So, according to the Post, Kendrick Eagle, who met with Obama at Standing Rock and again at the White House, released a video last week from the camp in which he says, “I’m here, standing with my people, talking to you and asking you if you can come and help us stop this pipeline. Because I just want you to stick to your word, that you said would have our backs as long as you were in office.”
Then, according to the Post, ... “Last week 17 former Native American administration officials, including Thiele and former White House senior policy adviser Kim Teehee, sent a letter to Obama asking him to block the $3.8 billion pipeline project. Although she was not a signatory, Jodi Archambault Gillette, Obama’s former special assistant for Native American affairs, is an active Standing Rock tribe member whose brother serves as chairman of the tribe.”
To be fair, Obama didn’t instruct the Army Corp to scrap the easement, but he sent a pretty clear signal to all government agencies when he said recently that, “My view is that there is a way for us to accommodate sacred lands of Native Americans.”
And the easement was rescinded.
So here are some salient facts – underreported in the mainstream national press – about this situation.
These are documented points gleaned from court records by several sources online, including the Daily Caller.
• The tribe avoided taking part in the initial consulting process.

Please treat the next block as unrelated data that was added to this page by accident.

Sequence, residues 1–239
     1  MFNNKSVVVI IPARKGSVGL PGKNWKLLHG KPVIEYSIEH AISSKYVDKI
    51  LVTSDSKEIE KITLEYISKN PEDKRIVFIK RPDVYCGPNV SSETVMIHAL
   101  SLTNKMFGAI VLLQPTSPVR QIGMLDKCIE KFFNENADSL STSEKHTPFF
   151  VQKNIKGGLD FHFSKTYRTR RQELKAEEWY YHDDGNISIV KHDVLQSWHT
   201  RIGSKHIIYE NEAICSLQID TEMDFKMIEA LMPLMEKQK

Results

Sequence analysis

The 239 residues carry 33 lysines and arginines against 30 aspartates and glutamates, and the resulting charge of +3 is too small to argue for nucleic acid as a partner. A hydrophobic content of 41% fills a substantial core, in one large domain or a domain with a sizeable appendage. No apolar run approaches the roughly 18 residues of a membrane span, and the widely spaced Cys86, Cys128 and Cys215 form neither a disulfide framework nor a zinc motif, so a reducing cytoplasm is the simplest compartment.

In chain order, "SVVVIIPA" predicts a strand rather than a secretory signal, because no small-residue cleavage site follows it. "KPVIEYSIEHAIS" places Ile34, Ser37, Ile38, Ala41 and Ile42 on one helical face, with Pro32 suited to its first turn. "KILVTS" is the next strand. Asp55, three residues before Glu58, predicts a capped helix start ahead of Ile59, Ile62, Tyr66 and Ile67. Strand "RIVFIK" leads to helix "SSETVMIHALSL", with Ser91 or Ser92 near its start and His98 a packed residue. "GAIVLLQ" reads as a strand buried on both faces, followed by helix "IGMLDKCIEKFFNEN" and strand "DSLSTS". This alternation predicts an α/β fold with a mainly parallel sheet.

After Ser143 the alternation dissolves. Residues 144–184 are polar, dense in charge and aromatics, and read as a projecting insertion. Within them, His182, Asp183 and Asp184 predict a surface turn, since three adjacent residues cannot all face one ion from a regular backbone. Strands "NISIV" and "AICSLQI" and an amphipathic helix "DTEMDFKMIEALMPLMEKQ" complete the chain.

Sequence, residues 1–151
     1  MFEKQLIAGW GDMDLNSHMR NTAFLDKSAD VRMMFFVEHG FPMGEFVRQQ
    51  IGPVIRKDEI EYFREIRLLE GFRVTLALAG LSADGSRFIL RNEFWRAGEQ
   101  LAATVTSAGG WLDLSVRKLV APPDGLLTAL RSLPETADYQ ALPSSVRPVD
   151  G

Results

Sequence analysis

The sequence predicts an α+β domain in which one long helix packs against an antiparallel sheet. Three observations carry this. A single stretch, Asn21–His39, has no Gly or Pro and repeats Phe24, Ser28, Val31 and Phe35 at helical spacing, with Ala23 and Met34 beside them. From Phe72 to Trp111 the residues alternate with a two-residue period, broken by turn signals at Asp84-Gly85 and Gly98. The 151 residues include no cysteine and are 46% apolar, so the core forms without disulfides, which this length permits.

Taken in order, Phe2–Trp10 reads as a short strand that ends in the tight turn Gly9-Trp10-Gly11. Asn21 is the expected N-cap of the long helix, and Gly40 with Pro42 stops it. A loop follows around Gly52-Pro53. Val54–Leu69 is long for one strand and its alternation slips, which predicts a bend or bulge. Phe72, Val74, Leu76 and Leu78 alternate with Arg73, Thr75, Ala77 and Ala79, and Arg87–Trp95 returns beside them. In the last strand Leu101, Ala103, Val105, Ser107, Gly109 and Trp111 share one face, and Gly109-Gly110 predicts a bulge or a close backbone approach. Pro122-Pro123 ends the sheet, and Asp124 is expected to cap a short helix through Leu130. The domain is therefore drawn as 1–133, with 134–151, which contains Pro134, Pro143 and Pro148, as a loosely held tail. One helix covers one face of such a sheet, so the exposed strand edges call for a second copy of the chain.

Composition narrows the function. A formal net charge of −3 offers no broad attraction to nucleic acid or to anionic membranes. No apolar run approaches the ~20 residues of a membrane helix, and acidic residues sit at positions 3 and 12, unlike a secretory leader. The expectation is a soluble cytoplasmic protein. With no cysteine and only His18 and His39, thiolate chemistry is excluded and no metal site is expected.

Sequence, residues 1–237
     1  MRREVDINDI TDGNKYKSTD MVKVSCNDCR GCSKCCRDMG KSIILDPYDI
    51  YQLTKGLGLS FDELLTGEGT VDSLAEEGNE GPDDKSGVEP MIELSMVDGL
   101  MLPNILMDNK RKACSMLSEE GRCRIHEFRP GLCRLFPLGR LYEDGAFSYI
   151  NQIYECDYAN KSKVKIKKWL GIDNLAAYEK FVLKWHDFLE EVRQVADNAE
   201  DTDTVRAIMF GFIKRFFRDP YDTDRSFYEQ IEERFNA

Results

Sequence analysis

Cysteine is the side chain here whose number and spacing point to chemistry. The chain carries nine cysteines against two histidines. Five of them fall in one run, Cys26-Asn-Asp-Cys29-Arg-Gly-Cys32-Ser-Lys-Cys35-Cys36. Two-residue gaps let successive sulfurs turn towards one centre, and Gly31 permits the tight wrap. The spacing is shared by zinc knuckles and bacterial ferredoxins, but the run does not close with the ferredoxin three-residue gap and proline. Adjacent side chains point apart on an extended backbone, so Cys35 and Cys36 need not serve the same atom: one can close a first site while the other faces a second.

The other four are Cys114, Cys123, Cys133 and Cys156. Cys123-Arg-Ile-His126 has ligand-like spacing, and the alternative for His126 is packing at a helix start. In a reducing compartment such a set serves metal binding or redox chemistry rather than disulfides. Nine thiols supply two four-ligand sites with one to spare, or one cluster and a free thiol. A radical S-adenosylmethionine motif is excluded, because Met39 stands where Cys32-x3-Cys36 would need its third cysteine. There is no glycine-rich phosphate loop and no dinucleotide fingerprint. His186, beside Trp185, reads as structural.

The Army Corps of Engineers attempted more than a dozen times between 2014 and 2016 to discuss the DAPL route with Standing Rock. The tribe either failed to respond to requests for consultation or dragged its feet during the process.
The head of the North Dakota Public Service Commission told National Public Radio that Standing Rock Sioux did not participate in the nearly 30 hours of meetings held to determine the pipeline’s southern route.
• The DAPL runs parallel to an existing pipeline.
The Northern Border Pipeline, built in 1982 already runs through the areas currently being disputed by Standing Rock and  never received any protests or complaints from demonstrators associated with Standing Rock.
• The government rerouted DAPL several times to avoid tribal lands.
Cultural surveys conducted prior to the pipeline receiving the approval show 91 of the 149 eligible sites contained stone features considered sacred by American Indian tribes.
The pipeline was rerouted and modified to avoid all 91 of those areas, and all but nine of the other potentially eligible sites.
• The DAPL route does not cut through Standing Rock’s reservation.
In fact, the entire area is privately owned, meaning the route is located several miles north of the tribe’s ancestral land.
• ETP moved the project south near the Standing Rock reservation because it was 11 miles shorter and considered less damaging to the environment, according to a report the Army Corps of Engineers.
• Finally, eminent domain was never used on the North Dakota route.
Energy Transfer Partners relied on voluntary easements, which are non-possessory rights to use the property of a landowner without owning the land itself, to construct the pipeline’s southern route near Standing Rock Sioux’s reservation.
Much of the land that protesters are occupying during their demonstrations is private property owned by farmers.
What does Donald Trump think?
Jason Miller, a spokesman for President-elect Donald Trump, told reporters that the pipeline is “something that we support construction of and we’ll review the full situation when we’re in the White House to make appropriate determination at that time.”
(It’s important to note here that Trump has sold his entire stake in Energy Transfer Partners.)
So, of course, all of this could change after Trump takes office, and frankly, I’m not so sure it doesn’t need to change.